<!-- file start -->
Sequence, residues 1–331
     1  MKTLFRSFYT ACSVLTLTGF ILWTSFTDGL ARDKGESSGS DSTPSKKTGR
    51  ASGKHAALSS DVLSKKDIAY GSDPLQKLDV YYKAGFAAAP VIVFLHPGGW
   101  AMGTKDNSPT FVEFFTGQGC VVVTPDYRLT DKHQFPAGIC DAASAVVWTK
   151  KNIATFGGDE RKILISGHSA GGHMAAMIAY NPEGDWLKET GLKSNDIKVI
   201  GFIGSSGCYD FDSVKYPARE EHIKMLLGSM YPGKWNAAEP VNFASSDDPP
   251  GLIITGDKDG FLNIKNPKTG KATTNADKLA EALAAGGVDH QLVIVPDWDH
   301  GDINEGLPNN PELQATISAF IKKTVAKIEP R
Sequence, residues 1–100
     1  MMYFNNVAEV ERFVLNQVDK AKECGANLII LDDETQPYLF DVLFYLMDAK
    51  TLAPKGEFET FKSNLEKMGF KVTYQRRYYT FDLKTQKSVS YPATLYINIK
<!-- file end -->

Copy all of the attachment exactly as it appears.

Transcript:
Sequence, residues 1–331
     1  MKTLFRSFYT ACSVLTLTGF ILWTSFTDGL ARDKGESSGS DSTPSKKTGR
    51  ASGKHAALSS DVLSKKDIAY GSDPLQKLDV YYKAGFAAAP VIVFLHPGGW
   101  AMGTKDNSPT FVEFFTGQGC VVVTPDYRLT DKHQFPAGIC DAASAVVWTK
   151  KNIATFGGDE RKILISGHSA GGHMAAMIAY NPEGDWLKET GLKSNDIKVI
   201  GFIGSSGCYD FDSVKYPARE EHIKMLLGSM YPGKWNAAEP VNFASSDDPP
   251  GLIITGDKDG FLNIKNPKTG KATTNADKLA EALAAGGVDH QLVIVPDWDH
   301  GDINEGLPNN PELQATISAF IKKTVAKIEP R
Sequence, residues 1–100
     1  MMYFNNVAEV ERFVLNQVDK AKECGANLII LDDETQPYLF DVLFYLMDAK
    51  TLAPKGEFET FKSNLEKMGF KVTYQRRYYT FDLKTQKSVS YPATLYINIK